Tuesday, May 13, 2014


While traditional sitcoms typically unabashedly outrageous humor, mocumentary has made the banal funny. The office focuses on an exceedingly drab workplace an almost tragically uneventful town. Ironically what is initially unrealistic about the premise of the show is that a documentary crew would think to film something so seemingly realistic.
The pervasive realism throughout the show makes for much of the humor in it. Many of the jokes are derived from the characters being awkward and clumsy. Physically or metaphorically stumbling throughout their days, in small and large ways. In Gay Witch Hunt, Michel's catastrophic actions are so painful to watch because they feel so real. Each time he makes a point to his boss about the gay community he turns back to the camera in a "am I right" gesture. Only the gesture is a little off, facing just to the left frame. It's gut wrenchingly awkward and hilarious. Character weirdness is present in the small things during the show as well. For whatever reason the shot of Dwight shredding a business card  in the intro is particularly evocative. You almost begin to ask why he is shredding a business card, but don't because it seems like too small of a thing to devote any sort of energy to. I would argue that character weirdness is what makes a lot of the realism in the show. Most people are idiosyncratic to one degree or another.
This is not to say that The Office, or any other mocumentary, never becomes whimsical. At the end of Gay Witch Hunt Jim convinces Dwight that he has made an actual gaydar. In a later episode Dwight builds dozens of snowmen in an incredibly short amount of time. This moments feel real, however. Maybe it is because they are shot so much like a documentary would be, or it could just be the style of acting. So much of traditional sitcom acting (or from what I've seen of it)  is pushed and theatrical, whereas mocumentelivison is downplayed and conversational. Mumbles over projection. Even in the locked down interviews the character's dialogue feels a little confused, a little delusional, very real.

Tuesday, May 6, 2014

guerilla promp

Respond to any of these prompts and provide a response to the movie:

How does the setting and environment affect both the subjects of the film as well as the crew? How does this interaction create a new aesthetic/genre?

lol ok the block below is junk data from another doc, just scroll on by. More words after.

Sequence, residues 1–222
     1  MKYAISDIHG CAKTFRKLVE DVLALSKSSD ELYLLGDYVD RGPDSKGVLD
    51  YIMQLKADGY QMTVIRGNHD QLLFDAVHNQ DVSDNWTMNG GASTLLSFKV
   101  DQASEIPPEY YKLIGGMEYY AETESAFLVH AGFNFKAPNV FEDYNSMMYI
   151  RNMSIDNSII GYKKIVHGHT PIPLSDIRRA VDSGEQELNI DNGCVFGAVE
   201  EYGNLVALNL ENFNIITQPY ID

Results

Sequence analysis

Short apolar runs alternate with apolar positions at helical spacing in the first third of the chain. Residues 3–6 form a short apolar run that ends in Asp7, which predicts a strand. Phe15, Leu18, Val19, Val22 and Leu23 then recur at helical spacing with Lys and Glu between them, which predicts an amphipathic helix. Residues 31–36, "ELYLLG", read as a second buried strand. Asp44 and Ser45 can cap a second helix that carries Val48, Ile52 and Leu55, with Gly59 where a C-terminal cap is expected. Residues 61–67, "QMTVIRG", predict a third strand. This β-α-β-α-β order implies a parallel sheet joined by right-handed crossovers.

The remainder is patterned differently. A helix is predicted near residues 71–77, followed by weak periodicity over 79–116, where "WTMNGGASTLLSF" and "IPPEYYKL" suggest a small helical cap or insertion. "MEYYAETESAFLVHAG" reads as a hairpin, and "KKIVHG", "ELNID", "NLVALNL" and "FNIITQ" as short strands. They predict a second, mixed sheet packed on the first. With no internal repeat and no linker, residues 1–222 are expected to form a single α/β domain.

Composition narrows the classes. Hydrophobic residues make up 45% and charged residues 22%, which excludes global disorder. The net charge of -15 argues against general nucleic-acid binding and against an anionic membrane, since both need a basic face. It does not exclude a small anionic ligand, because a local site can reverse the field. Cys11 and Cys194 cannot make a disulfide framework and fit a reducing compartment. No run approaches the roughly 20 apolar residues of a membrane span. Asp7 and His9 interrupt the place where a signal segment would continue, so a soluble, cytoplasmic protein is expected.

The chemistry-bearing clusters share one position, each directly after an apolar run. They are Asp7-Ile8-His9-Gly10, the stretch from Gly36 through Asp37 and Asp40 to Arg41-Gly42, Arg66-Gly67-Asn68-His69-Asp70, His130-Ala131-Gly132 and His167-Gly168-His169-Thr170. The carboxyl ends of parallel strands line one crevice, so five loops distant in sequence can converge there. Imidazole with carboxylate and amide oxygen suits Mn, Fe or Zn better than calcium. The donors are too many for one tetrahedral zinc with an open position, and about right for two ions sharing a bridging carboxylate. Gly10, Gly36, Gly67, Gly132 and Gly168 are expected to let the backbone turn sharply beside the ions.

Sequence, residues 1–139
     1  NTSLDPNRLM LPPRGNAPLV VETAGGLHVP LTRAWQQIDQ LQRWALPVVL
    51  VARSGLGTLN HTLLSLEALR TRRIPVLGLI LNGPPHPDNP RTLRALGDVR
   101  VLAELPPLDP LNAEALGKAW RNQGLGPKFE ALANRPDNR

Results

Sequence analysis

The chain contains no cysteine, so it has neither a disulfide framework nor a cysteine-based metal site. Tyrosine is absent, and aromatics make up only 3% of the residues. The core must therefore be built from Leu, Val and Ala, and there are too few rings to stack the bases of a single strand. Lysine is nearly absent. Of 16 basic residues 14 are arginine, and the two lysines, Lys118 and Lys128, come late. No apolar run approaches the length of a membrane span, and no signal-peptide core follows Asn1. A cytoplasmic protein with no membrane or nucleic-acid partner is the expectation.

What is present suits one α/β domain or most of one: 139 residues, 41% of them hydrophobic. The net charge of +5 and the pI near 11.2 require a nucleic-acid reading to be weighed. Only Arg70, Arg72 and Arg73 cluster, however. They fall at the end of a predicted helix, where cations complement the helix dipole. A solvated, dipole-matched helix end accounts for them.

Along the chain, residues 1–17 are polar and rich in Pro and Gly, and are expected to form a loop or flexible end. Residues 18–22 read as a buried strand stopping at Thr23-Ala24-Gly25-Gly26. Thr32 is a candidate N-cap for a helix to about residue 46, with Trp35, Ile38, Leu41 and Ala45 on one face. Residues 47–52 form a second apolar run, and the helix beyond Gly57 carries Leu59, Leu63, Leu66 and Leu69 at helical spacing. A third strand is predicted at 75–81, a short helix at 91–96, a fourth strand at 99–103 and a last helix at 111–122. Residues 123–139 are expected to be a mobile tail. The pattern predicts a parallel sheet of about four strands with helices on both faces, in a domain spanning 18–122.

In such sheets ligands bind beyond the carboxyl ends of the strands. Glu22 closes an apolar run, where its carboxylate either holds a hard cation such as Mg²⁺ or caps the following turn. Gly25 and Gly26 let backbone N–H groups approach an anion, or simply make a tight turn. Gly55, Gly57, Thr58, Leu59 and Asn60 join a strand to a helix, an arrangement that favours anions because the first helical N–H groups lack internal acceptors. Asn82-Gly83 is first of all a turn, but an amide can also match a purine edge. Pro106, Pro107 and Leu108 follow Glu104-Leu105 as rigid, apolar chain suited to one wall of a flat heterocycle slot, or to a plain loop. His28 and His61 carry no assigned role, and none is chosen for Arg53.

How does learning that the film was made a guerrilla fashion affect your perception of the film? Were there any parts that took you out of it due to the way it was shot and the budget it had?

Also, something to consider: http://www.roguefilmschool.com/about.asp

Tuesday, April 29, 2014

Digital Black and White

The practicality of digital black and white seems to span beyond a budget. As mentioned by Wheatly pointed out, shooting it in black and white meant that all that would be distracting, the colors of the character's shirt for example, were no longer an issue; that everything simply became textures. Art direction and gaffing becomes much simpler. This aesthetic strip down focuses the audience to the shapes on the screen. Black and white gives a film an automatic congruity. Since, at this day and age, black and white is certainly a choice, the audience already sees monochrome as a shift from the norm; one film entirely shot in black and white automatically seems more of a piece than one which might have large shifts in color.

So, this is perfect for guerrilla filmmaking, a technique both Frances Ha and (more notably) Escape from Tomorrow used. When shooting out in the open one has no control of the colors around them. The light can change as well as the objects making color film a challenge. However, when one shoots in black and white, the only thing the cinematographer has to control is the composition of the shots.

By the same logic digital black and white seems like the next logical step for minimalist cinema. Nebraska and Frances Ha certainly went with this style; telling simple stories with simple shot design, and it worked perfectly for both. A Field in England seems like something different entirely but I can't speak to it because I haven't seen it. From the trailer it looks like the aesthetic is something entirely knew. Very excited. But I digress.

Escape is interesting because the black and white almost feels grating. Instead of honing in on a story, like Frances Ha and Nebraska,  Escape is a chaotic film that blasts as much insanity at the audience as humanly possible. The black and white, maybe just out of nature of the subject matter, feels alienating and icky. There is a disparity between what we imagine to be the hyper colorful Disney World and the glossy DSLR black and white cinematography. The audience is left ignorant of the omnipresent but unrevealed colors.

Saturday, April 26, 2014